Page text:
Not everyone makes it. People's Revolution starts Fashion Week prep with 24 interns, ends with half a dozen or so (many quit on their own accord), and puts maybe one or two on payroll at the end. Some can't stand the hours; others realize they just don't want to work in the industry after all.
Kevin Leak, 22, is the intern who answers the phone. From Queens, he recently graduated from college in Miami. He likes the name People's Revolution, because it reminded him of the Ghandi quote. “You know, 'Be the change you want to see in the world',” he said, entirely earnestly.
Mukamal, Cutrone’s personal assistant since August, is a bit of an exception to the typical hire: He grew up in New York City, went to exclusive prep school Horace Mann, then to college in Virginia where he majored in history. He was working as a freelance stylist, picking up some samples from the People's Revolution office, when Cutrone spotted him.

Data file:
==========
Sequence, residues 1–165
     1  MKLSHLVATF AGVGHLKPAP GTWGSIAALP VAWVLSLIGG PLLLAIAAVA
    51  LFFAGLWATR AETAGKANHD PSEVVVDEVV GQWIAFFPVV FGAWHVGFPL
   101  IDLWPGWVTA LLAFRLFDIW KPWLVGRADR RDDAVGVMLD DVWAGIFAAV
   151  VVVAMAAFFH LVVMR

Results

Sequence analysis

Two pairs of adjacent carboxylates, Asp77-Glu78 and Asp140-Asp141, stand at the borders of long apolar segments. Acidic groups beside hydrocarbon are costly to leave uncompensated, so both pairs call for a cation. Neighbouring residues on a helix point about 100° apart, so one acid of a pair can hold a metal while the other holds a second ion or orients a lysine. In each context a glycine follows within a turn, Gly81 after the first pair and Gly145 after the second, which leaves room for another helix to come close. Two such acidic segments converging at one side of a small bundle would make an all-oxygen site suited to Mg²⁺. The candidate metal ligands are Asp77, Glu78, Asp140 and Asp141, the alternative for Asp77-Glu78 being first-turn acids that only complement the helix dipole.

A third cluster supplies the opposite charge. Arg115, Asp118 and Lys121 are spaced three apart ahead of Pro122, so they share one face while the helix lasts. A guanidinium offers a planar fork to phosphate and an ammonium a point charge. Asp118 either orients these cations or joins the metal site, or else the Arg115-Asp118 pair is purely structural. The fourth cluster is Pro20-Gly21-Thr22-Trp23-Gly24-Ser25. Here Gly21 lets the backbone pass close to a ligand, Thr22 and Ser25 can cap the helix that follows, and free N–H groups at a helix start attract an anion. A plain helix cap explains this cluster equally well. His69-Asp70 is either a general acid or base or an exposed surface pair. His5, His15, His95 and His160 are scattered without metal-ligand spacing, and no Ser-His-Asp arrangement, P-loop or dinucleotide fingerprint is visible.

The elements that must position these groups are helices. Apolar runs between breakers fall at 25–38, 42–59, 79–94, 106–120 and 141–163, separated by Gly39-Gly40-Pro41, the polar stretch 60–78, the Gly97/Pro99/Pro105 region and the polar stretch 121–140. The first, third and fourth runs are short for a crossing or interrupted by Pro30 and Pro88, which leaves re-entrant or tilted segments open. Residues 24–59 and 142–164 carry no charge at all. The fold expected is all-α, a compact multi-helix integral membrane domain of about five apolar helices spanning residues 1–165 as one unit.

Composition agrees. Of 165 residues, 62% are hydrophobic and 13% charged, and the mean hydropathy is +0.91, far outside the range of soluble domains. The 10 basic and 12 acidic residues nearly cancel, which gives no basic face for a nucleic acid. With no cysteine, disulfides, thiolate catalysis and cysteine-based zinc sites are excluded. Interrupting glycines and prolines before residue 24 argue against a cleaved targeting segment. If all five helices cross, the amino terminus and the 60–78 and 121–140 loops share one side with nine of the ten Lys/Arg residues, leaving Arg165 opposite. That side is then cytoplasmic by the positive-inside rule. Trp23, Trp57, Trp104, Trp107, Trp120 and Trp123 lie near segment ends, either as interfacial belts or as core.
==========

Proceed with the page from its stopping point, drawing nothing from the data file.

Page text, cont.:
“I think she had a moment of 'Oh, you look like you could be my long-lost son.' We both have that Addams family look,” he said. “She says she's psychic, but I think she just reads energy really well.” Also, he's a Scorpio, which is important—they're known for being loyal.
Even though the work can be exhausting and stressful, “you always feel like you're actually living,” he said, still sounding a bit awed by it all, or maybe just dazed. “You never feel like you've wasted a day.”
“The one thing for sure that everybody who works here knows,” said Cutrone after a brief rant on employees who roll their eyes at her, “is that if you have a problem, or you're in trouble—whether alcohol, drugs, illness, your boyfriend's cheating on you, your father's sick—we will pick you up. We stay together, and we march together.”
That doesn't change the crying rule, however. You really do have to go outside.
Sheila McClear is a freelance writer who regularly contributes to the New York Post, among others. Her work has also appeared on Gawker.com and in the New York Observer. Her book, Last of the Live Nude Girls , will be out in 2011 from Soft Skull.